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RE: Looper development and production costs?
This is great stuff. I am totally serious about this as it is a very
However, there are a couple of points that I would make:
If we are talking a Looping Device here, the best ever conceived by far, it
would still probably not sell in these quantities and certainly not for
than a few years. The competition would catch up making further R&D
investment necessary to keep it at the forefront.
Manufactured cost for such a device, assuming it is made in the UK, is
likely to be at least double what you have suggested, maybe more.
Gibson require at least a 30% return on all products bearing the Gibson
It would then have to go through the chain of distribution and then retail,
probably 50% then 50%, then local taxes before the user gets it, this
on your calculations make it about the same price as a small family car.
Oh, and the transport costs which you mention, but cannot be overlooked, UK
to US, UK to Europe Australia etc.
Taking these points into account, how viable a project is it?
From: Doug Cox [mailto:firstname.lastname@example.org]
Sent: 10 October 2001 16:45
Subject: Looper development and production costs?
Since I don't have experience in the audio hardware development field, I
have to make some broad assumptions. I'm sure Kim will let me know where
If $2 million was spent on R&D, including the labor and materials for
development, testing, market analysis, etc... everything that R&D implies,
these $s can be put on the balance sheet and amortized over 5-7 years.
Let's use 5 years for conservatism. That's $400k per year of amortized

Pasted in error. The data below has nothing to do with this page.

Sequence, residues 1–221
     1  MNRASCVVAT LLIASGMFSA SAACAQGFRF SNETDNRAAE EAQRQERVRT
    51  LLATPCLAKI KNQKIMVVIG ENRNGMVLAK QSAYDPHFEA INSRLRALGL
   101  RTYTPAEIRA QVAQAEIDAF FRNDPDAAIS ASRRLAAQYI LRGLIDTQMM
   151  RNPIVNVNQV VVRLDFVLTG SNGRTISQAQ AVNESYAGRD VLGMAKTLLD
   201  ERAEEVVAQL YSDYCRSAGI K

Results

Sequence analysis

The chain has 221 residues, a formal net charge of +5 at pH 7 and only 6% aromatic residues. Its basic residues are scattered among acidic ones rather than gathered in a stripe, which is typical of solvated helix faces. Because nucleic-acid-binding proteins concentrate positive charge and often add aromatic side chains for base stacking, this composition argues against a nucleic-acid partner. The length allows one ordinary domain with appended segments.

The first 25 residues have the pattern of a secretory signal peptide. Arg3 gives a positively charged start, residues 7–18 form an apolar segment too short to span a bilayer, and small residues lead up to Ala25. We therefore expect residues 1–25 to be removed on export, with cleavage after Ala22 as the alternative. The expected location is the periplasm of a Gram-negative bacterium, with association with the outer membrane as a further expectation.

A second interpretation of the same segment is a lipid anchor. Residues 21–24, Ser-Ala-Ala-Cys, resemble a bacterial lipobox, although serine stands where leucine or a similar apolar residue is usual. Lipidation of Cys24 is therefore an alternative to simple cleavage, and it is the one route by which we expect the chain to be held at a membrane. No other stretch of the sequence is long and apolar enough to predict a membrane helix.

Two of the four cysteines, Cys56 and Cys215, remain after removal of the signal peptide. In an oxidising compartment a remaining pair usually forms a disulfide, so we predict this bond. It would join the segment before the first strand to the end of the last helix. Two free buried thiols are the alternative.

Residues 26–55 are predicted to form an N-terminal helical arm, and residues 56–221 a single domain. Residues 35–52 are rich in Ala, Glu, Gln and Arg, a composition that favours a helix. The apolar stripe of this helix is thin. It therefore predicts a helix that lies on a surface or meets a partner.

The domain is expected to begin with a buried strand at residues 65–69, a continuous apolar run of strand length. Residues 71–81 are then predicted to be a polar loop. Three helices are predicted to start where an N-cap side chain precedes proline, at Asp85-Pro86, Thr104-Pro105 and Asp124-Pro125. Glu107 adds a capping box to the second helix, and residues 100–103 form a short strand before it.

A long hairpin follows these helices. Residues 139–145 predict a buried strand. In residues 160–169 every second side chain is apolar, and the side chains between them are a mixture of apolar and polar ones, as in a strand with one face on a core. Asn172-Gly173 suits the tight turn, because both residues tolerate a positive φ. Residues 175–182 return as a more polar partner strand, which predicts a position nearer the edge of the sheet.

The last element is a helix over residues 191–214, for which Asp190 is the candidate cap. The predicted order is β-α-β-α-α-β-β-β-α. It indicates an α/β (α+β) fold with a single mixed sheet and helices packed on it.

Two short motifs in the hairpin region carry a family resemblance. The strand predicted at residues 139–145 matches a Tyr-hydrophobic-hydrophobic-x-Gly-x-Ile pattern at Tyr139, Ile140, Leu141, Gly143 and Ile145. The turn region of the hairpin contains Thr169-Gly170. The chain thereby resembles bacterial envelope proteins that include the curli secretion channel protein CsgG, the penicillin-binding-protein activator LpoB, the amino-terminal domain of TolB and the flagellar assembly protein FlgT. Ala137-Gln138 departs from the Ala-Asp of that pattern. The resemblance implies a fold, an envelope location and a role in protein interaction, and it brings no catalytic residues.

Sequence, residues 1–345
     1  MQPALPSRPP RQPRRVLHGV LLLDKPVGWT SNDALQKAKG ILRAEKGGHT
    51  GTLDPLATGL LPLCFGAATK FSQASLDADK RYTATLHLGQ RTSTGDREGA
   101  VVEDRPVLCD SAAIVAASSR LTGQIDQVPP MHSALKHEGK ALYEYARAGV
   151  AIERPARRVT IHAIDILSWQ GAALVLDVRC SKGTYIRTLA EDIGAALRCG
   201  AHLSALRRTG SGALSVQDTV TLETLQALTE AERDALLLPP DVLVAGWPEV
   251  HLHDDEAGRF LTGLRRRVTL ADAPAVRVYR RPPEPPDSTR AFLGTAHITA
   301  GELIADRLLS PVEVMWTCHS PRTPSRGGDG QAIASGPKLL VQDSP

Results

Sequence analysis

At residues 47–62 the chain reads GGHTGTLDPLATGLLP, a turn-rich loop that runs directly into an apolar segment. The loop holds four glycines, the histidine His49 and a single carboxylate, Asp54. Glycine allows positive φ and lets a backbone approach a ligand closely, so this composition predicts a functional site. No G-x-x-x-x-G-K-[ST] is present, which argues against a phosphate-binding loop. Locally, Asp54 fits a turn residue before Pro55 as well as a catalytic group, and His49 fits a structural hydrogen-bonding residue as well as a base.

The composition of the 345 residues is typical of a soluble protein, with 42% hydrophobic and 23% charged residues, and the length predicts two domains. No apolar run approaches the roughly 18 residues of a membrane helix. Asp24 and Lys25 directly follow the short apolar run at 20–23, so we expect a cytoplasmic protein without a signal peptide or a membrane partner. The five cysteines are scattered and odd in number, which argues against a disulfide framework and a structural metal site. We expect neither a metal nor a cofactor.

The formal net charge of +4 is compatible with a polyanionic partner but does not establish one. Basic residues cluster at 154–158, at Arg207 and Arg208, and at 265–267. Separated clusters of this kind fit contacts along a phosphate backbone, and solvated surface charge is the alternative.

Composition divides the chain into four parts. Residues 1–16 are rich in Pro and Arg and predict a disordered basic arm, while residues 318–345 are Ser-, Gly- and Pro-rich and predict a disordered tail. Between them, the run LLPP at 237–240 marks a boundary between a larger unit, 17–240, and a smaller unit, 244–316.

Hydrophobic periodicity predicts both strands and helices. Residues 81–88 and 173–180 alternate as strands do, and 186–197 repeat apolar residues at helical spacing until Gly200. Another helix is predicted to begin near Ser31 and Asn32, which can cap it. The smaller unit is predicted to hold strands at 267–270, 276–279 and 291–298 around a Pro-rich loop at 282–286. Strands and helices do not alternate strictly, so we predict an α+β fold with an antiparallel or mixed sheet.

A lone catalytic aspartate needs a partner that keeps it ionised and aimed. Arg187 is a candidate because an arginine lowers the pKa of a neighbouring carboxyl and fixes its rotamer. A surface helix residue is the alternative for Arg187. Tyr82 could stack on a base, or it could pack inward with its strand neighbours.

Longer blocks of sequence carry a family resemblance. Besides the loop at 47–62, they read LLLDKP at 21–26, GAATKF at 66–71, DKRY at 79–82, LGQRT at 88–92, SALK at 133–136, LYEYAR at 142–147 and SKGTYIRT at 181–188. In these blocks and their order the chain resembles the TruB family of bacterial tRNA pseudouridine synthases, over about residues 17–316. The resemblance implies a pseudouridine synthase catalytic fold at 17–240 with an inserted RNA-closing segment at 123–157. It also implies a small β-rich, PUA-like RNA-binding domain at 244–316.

Let's say that following the R&D effort, the organization had an ongoing
overhead cost of $1M per year. That's just for executives,
Let's say that the ongoing cost of production is $150 per unit. That
includes materials, labor, equipment depreciation, any licensing costs,
"Cost of goods sold", as the beanheads call it. Let's also say that this
$150 per unit figure assumes that 2000 units are produced and sold every
$400,000 R&D Amort.
= $1.4M general expenses annually
divded by 2000 units
= $700 per unit of overhead costs
+ $150 per unit mfg costs
= $850 per unit total costs
If the company wants to earn a 15% return, they'd need to charge $1,000 per
All of this ignores transportation costs, which seems to be an important
issue in the current EDP scenario. Although I lumped a lot of things into
those 2 general expense categories, I may have left out other important
Is this even close? How do other complex pieces of audio hardware get
developed and sold for less? Obviously, if the same company can spread
$1m per year of overhead across multiple product lines, each one gets
cheaper. Same is true for some of the manufacturing costs... Finally,
economies of scale kick in for wildly popular products - if I can make and
sell much more than 2000 per year, my costs per unit will drop
Hey, you asked... and I assumed you were at least 50% serious. At least
Kim, Andy, Matthias, et. al. could use this as a starting discussion point,
and help us understand the costs involved. Or not :)